Date: Thu, 21 Oct 1999 14:21:08 -0300
From: =?iso-8859-1?Q?Mat=EDas?= Giovannini <email@example.com>
Subject: Re: localization, internationalization and Caml
> Matías Giovannini wrote:
> > Strings can be localized with a package mechanism, à la Java. I don't
> > like hardwired strings in code, they're a maintenance nightmare (not
> > that I always abide by my own rule :-)
> It doesn't matter what you like (or what I like).
It doesn't, my point is: the functionality for localized strings can be
had, only through an indirect route, as are "string packages".
As an aside, let's keep the tone light, ok?
> > > Have you ever seen a Japanese program? I have.
> > > Yes. What ocaml does not provide is a way of encoding
> > > extended characters -- \uXXXX \UXXXXXXXXX in strings, or in identifiers.
> > No need to. Use \HH\LL. Again, what OCaml does is sensible, if crude.
> Irrelevant. The \u \U escapes are ISO recommended, used in
> C and C++, and must be supported.
Well, OCaml is *not* ISO recommended, is *not* C and it is certainly
*not* C++. Let's learn to live with languages other than ISO-mandated,
ISO-validated, ISO-standardized and whatnot.
In fact, now that I think of it, standardization is driven by market
pressure. If OCaml were a commercial product, I guess things would be
different. But it's not (thank Pete), see below.
> > > > Which makes me think, John, you already have variable-length int arrays.
> > >
> > > But they're not standard (yet).
> > They are! Don't be put off by its status as "experimental feature".
> > Nat's been around since CamlLight.
> Oh, I must have misunderstood your comment: Nat is standard,
> I'm using it in Viper, but 'a Varray -- a variable length array of 'a,
> is not.
And it's not going to be, unless someone comes with a sound typing
strategy *and* an efficient implementation for them.
> > Again, anyone can download the source code and modify OCaml to suit his
> > tastes. OCaml's goal is not to be a model of i18n awareness, but a
> > platform for experimenting with types in a functional setting.
> Ocaml is a tool, it doesn't have a goal. :-)
> Humans have goals. The problem is that the designers of ocaml
> have been too successful: ocaml is so good that other people now
> want to use it, and _their_ goals are important too.
Let me restate it: OCaml is the intellectual property of INRIA,
developed under a specific project (Projet Cristal if I remember
correctly) with very definite goals. The project *has* goals, anything
outside those goals is a gift (what is more, everything falling *within*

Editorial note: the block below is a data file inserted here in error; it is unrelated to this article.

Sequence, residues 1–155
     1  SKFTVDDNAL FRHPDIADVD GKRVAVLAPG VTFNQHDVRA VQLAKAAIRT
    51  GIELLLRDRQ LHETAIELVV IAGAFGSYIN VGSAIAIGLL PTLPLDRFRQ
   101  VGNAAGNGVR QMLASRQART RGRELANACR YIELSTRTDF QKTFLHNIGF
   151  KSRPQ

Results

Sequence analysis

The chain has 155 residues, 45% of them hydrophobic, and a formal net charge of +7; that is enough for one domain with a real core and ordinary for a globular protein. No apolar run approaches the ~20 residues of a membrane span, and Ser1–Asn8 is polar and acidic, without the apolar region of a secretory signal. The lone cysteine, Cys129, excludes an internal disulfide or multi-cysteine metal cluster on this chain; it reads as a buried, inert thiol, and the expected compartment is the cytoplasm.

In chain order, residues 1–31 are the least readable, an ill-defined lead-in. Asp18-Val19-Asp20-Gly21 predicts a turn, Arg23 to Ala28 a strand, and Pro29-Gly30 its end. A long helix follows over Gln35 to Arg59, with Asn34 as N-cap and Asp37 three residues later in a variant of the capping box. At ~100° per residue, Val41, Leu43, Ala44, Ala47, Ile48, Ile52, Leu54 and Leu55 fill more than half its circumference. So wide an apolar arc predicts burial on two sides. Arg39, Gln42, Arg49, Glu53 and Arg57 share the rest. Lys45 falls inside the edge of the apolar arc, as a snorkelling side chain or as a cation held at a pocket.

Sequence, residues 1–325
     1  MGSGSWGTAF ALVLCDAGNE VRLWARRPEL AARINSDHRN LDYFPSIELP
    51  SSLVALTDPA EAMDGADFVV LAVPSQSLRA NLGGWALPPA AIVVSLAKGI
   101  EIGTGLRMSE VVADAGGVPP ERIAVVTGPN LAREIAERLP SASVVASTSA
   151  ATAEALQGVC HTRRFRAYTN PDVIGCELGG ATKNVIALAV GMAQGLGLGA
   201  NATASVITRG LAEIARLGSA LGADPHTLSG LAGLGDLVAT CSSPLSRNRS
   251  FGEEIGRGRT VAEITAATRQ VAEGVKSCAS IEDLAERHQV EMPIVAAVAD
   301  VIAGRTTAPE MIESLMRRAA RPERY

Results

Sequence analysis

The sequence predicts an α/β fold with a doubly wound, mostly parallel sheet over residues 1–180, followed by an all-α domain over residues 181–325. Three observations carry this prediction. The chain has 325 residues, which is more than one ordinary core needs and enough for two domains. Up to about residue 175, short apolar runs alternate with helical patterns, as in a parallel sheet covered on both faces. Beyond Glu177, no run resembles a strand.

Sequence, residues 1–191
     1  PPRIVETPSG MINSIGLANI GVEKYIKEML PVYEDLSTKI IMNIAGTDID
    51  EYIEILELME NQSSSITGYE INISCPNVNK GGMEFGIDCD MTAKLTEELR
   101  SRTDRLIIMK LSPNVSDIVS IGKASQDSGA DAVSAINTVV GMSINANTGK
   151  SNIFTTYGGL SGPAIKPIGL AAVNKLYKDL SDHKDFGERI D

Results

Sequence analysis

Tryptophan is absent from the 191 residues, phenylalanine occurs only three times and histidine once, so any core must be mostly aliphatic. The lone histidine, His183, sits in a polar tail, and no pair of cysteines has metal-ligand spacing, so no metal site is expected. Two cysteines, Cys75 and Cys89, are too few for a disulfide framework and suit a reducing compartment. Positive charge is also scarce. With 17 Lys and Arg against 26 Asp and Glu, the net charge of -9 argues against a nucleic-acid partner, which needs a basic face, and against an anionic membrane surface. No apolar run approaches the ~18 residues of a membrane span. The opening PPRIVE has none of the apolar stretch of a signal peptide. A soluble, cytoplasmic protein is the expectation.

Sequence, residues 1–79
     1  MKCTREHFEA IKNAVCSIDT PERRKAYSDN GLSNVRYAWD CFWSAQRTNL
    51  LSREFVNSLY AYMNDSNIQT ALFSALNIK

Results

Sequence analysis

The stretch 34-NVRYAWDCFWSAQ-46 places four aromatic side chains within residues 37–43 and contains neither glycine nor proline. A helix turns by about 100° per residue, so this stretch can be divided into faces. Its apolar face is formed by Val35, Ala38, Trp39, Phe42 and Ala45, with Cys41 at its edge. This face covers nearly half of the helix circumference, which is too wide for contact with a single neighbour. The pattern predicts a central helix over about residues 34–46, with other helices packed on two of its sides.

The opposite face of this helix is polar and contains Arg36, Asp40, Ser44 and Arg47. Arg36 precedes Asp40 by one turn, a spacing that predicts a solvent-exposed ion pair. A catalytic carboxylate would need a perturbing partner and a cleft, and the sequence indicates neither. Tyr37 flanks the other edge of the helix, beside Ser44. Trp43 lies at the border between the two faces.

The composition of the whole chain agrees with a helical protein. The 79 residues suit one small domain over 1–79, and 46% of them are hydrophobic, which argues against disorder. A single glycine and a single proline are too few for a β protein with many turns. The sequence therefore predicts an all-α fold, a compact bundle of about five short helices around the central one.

those goals already *are* a gift), and must be accepted as that. If
INRIA decides that since OCaml is useful to many many people around the
world and want to make one of its goals to turn OCaml into a platform
for experimenting in the implementation of programming languages with
strong i18n support, well, bring the champagne. In the meantime, we'll
have to build upon what it's there.
Suppose the following scenario: INRIA decides that the MacOS platform is
not nearly significative enough to justify the porting effort, and so it
is dropped. What should I do? Plead, certainly, until I'm told "don't
whine, there's nothing we can do". What would be my options? Use a
Wintel box, or make my own port.
This scenario is not unrealistic: there's no native compiler under
MacOS, and there won't be until someone ports it. I can't do it, the
implementors can't do it, and such is life.
> > happens that OCaml is open enough, and extensible enough, and efficient
> > enough to make a good i18n effort possible, and that is a tribute to its
> > success as strongly-typed, imperative, fast functional language.
> I agree. It could easily become a leader in this field,
> since implementing complex stuff is relatively easy in ocaml :-)
> > The implementors have made clear in more than one occasion that they're
> > not interested in making OCaml a standard language (remember the thread
> > "How to convince management?"). But don't take my word for it, ask Pierre.
> My point was simply that the ISO internationalisation requirements
> are not unreasonable, and that other languages will be doing this work,
> some because they have to, and some because they want to stay part of
> the real world -- and encourage non-English (woops, I mean, non-Latin
> clients, who, after all, may well make significant contributions.
Hm. I see your point. I don't necessarily agree, though.
-- I got your message. I couldn't read it. It was a cryptogram. -- Laurie Anderson
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